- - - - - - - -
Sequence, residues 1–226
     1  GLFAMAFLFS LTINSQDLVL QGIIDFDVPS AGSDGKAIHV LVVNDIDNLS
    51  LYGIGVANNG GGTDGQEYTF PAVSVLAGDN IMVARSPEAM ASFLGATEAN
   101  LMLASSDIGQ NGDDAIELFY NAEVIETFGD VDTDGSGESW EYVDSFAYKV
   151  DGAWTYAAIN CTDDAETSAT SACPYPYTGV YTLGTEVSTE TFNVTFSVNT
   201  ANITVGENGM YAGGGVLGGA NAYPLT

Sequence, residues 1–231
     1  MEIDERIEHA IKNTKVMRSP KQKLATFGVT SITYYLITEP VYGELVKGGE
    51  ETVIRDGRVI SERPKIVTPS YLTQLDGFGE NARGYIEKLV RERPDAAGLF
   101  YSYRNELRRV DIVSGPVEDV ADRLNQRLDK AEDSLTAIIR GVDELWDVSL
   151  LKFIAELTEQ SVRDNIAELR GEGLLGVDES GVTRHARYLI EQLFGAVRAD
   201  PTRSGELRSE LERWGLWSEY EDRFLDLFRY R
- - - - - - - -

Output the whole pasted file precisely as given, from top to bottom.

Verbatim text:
Sequence, residues 1–226
     1  GLFAMAFLFS LTINSQDLVL QGIIDFDVPS AGSDGKAIHV LVVNDIDNLS
    51  LYGIGVANNG GGTDGQEYTF PAVSVLAGDN IMVARSPEAM ASFLGATEAN
   101  LMLASSDIGQ NGDDAIELFY NAEVIETFGD VDTDGSGESW EYVDSFAYKV
   151  DGAWTYAAIN CTDDAETSAT SACPYPYTGV YTLGTEVSTE TFNVTFSVNT
   201  ANITVGENGM YAGGGVLGGA NAYPLT

Sequence, residues 1–231
     1  MEIDERIEHA IKNTKVMRSP KQKLATFGVT SITYYLITEP VYGELVKGGE
    51  ETVIRDGRVI SERPKIVTPS YLTQLDGFGE NARGYIEKLV RERPDAAGLF
   101  YSYRNELRRV DIVSGPVEDV ADRLNQRLDK AEDSLTAIIR GVDELWDVSL
   151  LKFIAELTEQ SVRDNIAELR GEGLLGVDES GVTRHARYLI EQLFGAVRAD
   201  PTRSGELRSE LERWGLWSEY EDRFLDLFRY R